Midge larvae live along the bottom of the stream hiding under any rock or cover they can find to protect themselves from feeding predators and current. If these tiny insects happen to get disturbed from their resting place and swept into the current, they will drift helplessly downstream until either coming back into contact with the bottom or falling prey to a hungry trout.
Midge larvae and Pupa are very small, dark, thin-bodied critters, so picking a good fly to use should incorporate these special characteristics. Patterns tied on 18-24 size hooks using black flosses and tiny wire ribbing seem to be the standard, with a small tuft of white CDC or ice dubbing to create a visible thorax.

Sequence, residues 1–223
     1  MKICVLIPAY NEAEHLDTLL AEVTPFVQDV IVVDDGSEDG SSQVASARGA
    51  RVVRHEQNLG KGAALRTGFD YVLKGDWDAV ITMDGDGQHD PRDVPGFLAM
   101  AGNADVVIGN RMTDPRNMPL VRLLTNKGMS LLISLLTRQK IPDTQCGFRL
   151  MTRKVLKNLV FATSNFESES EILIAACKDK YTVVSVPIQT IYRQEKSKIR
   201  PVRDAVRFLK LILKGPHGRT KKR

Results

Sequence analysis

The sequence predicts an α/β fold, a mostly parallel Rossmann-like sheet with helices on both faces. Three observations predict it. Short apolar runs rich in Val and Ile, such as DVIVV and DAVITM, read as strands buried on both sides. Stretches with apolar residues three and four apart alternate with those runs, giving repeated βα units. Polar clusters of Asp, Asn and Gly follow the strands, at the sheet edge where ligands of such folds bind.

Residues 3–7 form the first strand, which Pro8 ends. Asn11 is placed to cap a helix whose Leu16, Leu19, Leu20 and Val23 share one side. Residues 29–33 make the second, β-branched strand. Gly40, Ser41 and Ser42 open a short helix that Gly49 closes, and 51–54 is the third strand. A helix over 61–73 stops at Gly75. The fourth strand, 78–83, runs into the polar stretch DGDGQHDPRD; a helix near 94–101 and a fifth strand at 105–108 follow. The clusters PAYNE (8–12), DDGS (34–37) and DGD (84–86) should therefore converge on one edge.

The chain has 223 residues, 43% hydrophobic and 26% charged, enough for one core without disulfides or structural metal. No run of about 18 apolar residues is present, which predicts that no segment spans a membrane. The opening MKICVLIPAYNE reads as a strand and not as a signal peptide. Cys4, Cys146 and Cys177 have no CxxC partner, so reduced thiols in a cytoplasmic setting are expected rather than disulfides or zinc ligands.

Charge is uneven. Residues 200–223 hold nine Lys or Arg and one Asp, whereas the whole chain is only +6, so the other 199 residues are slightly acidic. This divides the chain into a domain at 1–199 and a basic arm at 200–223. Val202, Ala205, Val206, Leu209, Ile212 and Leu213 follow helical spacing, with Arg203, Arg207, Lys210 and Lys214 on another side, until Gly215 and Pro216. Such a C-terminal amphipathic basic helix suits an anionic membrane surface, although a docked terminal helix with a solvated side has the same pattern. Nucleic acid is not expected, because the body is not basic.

Because of the Doppler Shift in the color spectrum as light penetrates the water, certain colors are more effective in the low light conditions commonly found in the winter months. It is for that reason why the dark neutrals such as black, browns, olives, and certain grays tend to work a little better in the winter months than the colors found on the higher end of the color spectrum such as reds, oranges, and yellows.
Blues and Purples also tend to be good color choices in addition to the dark neutrals. I like to add gold, clear, and dark beads (peacock or gunmetal) to some patterns not only to enhance the profile but also to assist with their getting to the bottom quicker.